Call To Arms:
The Ulster Rebellion, 1966-72
By Chris Oakley
based on the series "It (Almost)Happened Here" by the same author
Eamon de Valera, prime minister of Ireland since the modern Irish Free State was founded in 1922, drafts a new constitution that replaces the original 1922 constitution and formally cuts Ireland’s ties to the British Commonwealth.1 The new constitution is ratified in a national referendum on July 1st and officially becomes law six months later; the departure of Ireland from the Commonwealth leads Nazi dictator Adolf Hitler to believe it might be possible to one day make Ireland an ally of Germany.
The National Guard, an Irish fascist organization colloquially known as "the Blueshirts",2 begins a bombing campaign in Britain in protest of Britain’s declaration of war against Nazi Germany and in hopes of sparking a revolution that will put pro-German governments in power in both Great Britain and Ireland. National Guard leader Eoin O’Duffy, an ardent Hitler supporter, attempts to enlist the aid of British Union of Fascists party chairman Oswald Mosley in his fight to bring about an Anglo-Irish fascist empire; however, O’Duffy and his supporters are forced to go underground when Mosley, his wife Diana, and hundreds of other BUF members are arrested by Scotland Yard in early 1940 after Yard detectives uncover evidence of O’Duffy’s secret negotiations with the BUF. Mosley and his wife will eventually be hanged for treason.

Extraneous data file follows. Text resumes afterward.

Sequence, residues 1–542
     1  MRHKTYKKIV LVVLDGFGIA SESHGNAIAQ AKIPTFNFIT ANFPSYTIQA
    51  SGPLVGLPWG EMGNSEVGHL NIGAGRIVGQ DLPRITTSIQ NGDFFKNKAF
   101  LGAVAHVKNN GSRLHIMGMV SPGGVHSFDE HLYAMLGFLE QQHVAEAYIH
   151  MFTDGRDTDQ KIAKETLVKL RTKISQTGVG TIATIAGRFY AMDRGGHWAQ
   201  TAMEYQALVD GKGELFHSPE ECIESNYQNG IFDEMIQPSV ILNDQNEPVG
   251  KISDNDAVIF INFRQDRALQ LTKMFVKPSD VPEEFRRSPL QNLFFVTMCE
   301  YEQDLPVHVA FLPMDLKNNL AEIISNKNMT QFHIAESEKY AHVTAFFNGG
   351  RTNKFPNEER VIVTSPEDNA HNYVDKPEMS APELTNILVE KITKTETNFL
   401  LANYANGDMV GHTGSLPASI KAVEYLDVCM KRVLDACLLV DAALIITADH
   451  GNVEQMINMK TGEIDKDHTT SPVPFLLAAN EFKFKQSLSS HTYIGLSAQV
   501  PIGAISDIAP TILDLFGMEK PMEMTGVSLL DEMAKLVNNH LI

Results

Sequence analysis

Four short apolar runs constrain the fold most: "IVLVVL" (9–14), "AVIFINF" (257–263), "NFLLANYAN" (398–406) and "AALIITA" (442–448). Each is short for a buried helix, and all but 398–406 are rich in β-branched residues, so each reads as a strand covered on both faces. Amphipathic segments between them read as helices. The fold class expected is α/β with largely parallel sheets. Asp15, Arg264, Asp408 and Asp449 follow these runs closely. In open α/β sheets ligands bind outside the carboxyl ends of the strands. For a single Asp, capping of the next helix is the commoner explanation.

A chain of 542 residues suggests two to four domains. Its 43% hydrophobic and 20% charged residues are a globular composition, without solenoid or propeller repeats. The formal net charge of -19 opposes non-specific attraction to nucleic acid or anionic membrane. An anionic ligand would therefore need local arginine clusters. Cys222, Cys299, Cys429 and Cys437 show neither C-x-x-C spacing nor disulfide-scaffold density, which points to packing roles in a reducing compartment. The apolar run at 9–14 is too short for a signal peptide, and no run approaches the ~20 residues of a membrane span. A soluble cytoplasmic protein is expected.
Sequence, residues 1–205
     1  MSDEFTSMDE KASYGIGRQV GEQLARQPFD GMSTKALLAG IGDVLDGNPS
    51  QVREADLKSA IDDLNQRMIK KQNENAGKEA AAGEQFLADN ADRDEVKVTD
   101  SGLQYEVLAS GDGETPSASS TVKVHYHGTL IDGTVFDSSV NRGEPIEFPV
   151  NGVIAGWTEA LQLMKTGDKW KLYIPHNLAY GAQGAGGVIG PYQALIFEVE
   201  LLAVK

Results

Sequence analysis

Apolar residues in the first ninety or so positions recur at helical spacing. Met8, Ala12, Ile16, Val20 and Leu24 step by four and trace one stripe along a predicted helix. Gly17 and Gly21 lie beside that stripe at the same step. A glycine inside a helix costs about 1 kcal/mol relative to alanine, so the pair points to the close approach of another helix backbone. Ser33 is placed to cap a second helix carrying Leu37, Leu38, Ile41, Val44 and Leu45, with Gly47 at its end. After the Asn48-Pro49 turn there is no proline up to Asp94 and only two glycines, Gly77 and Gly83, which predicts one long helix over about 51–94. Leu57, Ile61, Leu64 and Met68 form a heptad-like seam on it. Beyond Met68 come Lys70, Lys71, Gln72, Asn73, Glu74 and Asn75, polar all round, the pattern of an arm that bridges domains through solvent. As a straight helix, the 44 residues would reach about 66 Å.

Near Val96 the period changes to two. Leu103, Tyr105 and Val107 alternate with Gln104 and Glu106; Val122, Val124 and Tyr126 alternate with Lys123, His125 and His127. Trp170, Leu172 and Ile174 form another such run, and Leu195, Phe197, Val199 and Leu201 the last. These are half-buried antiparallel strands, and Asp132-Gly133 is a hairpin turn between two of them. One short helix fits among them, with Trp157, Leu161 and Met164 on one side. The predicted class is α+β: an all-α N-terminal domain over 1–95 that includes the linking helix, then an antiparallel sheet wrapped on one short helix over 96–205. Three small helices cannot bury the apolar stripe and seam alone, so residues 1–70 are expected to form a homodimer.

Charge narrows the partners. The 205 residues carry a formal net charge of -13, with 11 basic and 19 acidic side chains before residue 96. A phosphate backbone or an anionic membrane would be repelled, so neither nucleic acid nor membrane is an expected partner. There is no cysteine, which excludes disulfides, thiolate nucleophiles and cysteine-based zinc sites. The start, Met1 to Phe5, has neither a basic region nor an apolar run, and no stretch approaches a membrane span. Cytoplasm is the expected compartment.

In one of his biggest strategic mistakes of the Second World War, Adolf Hitler orders the German army to invade Ireland with the goal of securing it as a base for a future invasion of Great Britain. Shortly after the German invasion commences, Eamon de Valera and British prime minister Winston S. Churchill sign an accord under which British ground, air, and naval forces will aid the Irish in fight to drive the Germans out of southern Ireland; one of that accord’s key provisions guarantees negotiations will take place between Great Britain and Ireland once the war is over to resolve the question of reunifying the six counties of Ulster(a.k.a. Northern Ireland) with the twenty-six counties of the Republic of Ireland.3 The invasion of southern Ireland will later provoke the United States to enter the Second World War on the Allied side; the Nazis’ attack on Ireland, a neutral country and one to which many Americans trace their ancestry, will destroy Hitler’s slim remaining hopes for keeping the US neutral while he finishes off Great Britain. Hitler’s blunder in invading Ireland will be dramatically underscored in January of 1941 when war breaks out between Germany and the Soviet Union, trapping the Third Reich in the very situation it had been trying at all costs to avoid: a two-front war.
After two years’ hard fighting between Allied and German forces in Ireland, the Wehrmacht withdraws the last of its troops from Irish soil. New Irish prime minister John Costello, who succeeded Eamon de Valera after de Valera was killed in a Nazi air raid on Dublin the previous year, meets with Winston Churchill to reaffirm that Great Britain and Ireland will hold negotiations over the future of Ulster once the Second World War is over.